rules and regulations

The Alberta Securities Commission (ASC) is proposing to do away with the so-called “Northwestern exemption” — which allows firms and reps to participate in exempt offerings without registering as exempt market dealers — replacing it with a new exemption for “finders” that help start-ups seeking capital.

In a notice published on March 25, the ASC proposed the creation of a new exemption, the small business finder’s exemption, to replace the controversial Northwestern exemption, which has already been scrapped in most of the other provinces and territories that once used it.

Investor advocates, such as the Canadian Foundation for Advancement of Investor Rights (FAIR Canada) had long complained that the Northwestern exemption (that was only adopted in the western provinces and territories) harmed investors by allowing the sale of high-risk exempt securities to investors without registration.

In a 2013 letter to regulators, FAIR Canada said, “significant investor abuses have been observed where there has been purported reliance upon the Northwestern Exemption.”

The ASC’s proposed new exemption is intended to address some of the investor protection concerns with the existing regime while providing “more targeted” relief from dealer registration requirements, said the regulator in its notice.

The change would also allow for better integration with the prospectus exemptions that are available to small companies seeking capital.

“Small businesses are an important part of our economy. We understand that when they are raising small amounts of capital, they may not be able to attract a registered dealer to assist with the financing and may need to look to finders to help them identify potential investors,” said Stan Magidson, chair and CEO of the ASC, in a release.  “The goal of this proposed exemption is to assist Alberta small businesses address their capital raising challenges but with conditions that prioritize investor protection.”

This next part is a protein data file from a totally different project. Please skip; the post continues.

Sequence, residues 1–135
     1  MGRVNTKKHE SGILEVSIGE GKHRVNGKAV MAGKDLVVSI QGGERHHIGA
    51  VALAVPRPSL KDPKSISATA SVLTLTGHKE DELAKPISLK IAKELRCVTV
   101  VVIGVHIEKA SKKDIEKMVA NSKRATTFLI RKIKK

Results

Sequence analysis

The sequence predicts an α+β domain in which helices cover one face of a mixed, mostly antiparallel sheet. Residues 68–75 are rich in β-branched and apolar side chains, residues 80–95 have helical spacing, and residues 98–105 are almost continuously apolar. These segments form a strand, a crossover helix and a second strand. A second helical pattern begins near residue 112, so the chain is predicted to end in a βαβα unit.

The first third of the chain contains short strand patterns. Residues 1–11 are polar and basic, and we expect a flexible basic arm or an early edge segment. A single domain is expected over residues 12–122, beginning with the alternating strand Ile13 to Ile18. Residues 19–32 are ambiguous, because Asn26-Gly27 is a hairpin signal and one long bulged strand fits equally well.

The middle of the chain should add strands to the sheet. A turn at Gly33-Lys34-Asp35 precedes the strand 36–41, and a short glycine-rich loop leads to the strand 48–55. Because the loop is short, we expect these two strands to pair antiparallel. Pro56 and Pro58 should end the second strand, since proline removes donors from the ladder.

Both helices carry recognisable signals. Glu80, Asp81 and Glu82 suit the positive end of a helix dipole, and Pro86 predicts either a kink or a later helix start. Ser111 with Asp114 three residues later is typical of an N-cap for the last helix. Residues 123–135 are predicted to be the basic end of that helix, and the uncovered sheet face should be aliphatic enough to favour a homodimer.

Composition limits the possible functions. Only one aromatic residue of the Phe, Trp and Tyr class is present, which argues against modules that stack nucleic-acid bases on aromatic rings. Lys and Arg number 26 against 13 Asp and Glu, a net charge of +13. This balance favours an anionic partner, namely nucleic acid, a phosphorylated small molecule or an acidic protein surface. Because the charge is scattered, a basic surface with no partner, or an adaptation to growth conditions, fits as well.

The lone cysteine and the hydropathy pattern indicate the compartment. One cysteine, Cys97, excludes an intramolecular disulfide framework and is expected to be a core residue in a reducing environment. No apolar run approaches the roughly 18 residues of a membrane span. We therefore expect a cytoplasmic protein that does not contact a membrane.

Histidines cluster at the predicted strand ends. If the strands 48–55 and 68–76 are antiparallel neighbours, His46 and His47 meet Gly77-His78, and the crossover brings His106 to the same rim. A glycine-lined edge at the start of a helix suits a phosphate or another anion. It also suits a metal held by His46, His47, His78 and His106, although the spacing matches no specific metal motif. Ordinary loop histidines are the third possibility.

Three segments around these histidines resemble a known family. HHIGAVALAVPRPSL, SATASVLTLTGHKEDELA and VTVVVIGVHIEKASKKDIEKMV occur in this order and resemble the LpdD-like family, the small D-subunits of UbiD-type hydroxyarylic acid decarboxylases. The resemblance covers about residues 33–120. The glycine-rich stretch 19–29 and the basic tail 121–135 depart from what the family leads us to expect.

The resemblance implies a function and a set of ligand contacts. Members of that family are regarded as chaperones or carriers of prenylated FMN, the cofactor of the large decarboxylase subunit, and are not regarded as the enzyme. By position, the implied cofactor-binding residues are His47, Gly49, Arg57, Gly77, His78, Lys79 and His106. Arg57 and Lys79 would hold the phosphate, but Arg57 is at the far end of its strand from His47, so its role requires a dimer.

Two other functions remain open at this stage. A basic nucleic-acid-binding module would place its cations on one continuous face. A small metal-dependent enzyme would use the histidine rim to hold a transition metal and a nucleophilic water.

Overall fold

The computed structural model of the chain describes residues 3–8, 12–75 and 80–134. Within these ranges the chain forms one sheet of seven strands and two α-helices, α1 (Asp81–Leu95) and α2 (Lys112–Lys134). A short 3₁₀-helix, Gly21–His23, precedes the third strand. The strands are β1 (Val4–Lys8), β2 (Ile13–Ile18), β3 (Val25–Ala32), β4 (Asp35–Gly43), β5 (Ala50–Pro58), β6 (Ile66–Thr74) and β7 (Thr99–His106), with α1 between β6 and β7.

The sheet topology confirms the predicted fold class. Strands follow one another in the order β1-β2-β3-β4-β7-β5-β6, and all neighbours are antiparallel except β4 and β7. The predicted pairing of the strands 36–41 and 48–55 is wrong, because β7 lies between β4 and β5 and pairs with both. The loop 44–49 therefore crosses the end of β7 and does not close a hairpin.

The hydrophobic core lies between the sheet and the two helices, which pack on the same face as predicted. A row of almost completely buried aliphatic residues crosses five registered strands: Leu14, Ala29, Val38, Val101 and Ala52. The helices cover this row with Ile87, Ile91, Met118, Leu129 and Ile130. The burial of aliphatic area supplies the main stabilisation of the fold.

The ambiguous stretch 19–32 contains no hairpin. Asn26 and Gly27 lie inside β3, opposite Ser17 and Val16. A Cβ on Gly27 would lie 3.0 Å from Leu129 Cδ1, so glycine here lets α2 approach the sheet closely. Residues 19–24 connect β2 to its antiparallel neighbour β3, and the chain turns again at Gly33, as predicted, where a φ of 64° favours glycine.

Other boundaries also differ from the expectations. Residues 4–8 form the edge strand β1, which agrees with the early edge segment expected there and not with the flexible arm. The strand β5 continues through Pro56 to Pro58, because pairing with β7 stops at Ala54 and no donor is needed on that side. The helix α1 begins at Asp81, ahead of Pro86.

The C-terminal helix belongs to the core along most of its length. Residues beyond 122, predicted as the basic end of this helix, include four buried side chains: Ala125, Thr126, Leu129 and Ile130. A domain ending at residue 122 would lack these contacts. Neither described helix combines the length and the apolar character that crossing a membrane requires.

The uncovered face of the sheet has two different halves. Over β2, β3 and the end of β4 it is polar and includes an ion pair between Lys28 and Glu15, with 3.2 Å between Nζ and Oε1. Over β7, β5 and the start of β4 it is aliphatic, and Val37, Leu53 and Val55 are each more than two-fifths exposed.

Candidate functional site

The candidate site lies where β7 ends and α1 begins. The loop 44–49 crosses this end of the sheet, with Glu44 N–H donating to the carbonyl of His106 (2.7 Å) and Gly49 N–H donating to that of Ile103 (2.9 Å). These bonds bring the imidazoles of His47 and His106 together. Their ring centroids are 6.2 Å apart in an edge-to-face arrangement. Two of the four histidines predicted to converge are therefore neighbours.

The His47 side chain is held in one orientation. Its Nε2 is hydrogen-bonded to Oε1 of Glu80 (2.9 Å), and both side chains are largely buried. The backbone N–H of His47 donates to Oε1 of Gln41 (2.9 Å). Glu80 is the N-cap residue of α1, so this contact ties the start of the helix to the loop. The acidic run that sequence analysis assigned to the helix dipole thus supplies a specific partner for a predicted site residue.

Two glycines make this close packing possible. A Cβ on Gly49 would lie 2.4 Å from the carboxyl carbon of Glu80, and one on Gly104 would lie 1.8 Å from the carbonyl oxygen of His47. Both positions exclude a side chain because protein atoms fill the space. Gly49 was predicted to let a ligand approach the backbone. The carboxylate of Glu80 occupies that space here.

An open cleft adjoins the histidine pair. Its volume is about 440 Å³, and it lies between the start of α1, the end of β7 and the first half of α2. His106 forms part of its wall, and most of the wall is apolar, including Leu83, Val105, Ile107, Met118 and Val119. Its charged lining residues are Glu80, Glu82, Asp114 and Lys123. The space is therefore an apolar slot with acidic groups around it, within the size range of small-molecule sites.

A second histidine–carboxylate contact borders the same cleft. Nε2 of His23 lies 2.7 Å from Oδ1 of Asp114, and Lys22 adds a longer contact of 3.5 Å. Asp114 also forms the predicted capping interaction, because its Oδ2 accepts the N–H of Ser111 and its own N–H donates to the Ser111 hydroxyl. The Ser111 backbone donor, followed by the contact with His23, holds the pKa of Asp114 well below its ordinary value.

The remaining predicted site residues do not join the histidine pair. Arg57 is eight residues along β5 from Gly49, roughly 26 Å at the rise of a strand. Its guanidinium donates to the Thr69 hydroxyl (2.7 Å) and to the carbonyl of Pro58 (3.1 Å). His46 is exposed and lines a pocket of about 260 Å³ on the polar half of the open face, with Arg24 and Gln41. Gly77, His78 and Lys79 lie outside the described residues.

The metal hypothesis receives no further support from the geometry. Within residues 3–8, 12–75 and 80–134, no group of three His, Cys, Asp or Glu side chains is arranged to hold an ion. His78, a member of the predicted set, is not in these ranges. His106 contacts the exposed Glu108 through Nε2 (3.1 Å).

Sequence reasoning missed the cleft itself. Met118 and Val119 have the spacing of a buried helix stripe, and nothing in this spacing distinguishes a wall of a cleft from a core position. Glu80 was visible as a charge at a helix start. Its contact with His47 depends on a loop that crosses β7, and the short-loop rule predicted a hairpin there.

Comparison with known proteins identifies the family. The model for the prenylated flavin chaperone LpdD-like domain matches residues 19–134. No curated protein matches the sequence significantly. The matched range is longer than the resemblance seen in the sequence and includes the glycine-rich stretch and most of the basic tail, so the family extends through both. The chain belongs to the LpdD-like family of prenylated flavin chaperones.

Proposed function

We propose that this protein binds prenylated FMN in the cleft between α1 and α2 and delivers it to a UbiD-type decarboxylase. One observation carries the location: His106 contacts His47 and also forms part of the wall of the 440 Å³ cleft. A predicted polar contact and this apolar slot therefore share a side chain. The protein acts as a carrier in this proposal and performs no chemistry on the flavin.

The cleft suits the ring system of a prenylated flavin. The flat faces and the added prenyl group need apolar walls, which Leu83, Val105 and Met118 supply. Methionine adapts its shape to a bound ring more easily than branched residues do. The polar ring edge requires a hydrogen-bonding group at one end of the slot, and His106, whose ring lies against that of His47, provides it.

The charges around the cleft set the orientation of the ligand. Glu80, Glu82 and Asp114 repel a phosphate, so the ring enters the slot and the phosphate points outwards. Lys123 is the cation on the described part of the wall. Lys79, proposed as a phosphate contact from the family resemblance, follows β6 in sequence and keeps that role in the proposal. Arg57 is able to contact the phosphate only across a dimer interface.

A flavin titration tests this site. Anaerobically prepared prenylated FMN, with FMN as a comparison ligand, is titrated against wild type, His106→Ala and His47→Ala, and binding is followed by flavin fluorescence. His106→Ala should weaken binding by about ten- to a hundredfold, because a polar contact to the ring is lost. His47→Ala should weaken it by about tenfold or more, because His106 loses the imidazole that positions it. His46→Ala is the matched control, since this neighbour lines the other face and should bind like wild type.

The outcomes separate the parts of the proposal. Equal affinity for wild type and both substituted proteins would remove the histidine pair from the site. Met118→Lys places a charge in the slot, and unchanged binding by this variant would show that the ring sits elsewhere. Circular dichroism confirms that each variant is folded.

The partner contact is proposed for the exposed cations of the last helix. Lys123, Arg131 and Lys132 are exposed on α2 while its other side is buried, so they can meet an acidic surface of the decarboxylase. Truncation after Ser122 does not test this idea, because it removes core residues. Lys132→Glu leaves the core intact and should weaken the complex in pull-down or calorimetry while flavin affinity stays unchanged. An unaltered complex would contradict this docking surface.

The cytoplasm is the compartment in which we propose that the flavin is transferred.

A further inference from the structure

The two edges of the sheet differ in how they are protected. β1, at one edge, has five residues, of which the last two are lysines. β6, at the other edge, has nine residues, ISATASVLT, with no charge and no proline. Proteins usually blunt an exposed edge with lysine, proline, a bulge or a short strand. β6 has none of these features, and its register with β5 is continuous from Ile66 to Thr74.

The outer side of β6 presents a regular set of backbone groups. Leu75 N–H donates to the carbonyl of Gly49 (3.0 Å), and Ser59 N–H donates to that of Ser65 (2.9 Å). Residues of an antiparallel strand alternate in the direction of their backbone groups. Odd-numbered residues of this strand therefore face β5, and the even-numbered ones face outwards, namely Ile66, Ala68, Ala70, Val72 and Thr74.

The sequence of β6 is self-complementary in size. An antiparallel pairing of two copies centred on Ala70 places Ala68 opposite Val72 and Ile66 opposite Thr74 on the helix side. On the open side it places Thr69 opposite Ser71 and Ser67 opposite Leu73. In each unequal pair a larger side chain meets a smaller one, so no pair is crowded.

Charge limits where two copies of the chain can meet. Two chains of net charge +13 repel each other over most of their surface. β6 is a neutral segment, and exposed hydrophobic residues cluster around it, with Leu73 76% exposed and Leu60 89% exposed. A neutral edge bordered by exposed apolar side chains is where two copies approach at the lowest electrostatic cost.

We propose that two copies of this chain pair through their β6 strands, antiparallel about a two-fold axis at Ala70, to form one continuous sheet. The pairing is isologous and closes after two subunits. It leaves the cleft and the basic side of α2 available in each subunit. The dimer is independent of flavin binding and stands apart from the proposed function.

Among other things, the proposal seeks to more specifically target small businesses (i.e. those businesses raising less than $5 million) in Alberta.

The proposal also adds conditions for qualifying for an exemption. For instance, under the new exemption, finders that help connect small companies with investors can only be individuals (not firms) and they cannot be a so-called “bad actor” (previously involved in fraud or similar misconduct).

The new exemption also sets limits on what “finders” can do, advertising, for example, is restricted. As well, the proposal clarifies that “finders” can’t have previously provided financial services to prospective investors (such as serving as their financial planner or insurance agent).

The proposal is out for comment until May 7.

Separately, the ASC and the Financial and Consumer Affairs Authority of Saskatchewan (FCAA) proposed a new small business financing prospectus exemption that aims to help small firms raise capital in those markets.

The proposed new prospectus exemption would allow companies to raise up to $5 million under a simple, streamlined offering document.

The proposal contemplates a two-tiered exemption, with different limits on the size of the offering, and investment limits, based on the amount of disclosure provided to investors.

“We are hopeful that this proposal will help address the financing challenges of small local businesses that do not currently have the profile or growth prospects to attract the interest of venture capitalists or public capital markets,” said Roger Sobotkiewicz, chair and CEO of the FCAA, in a release.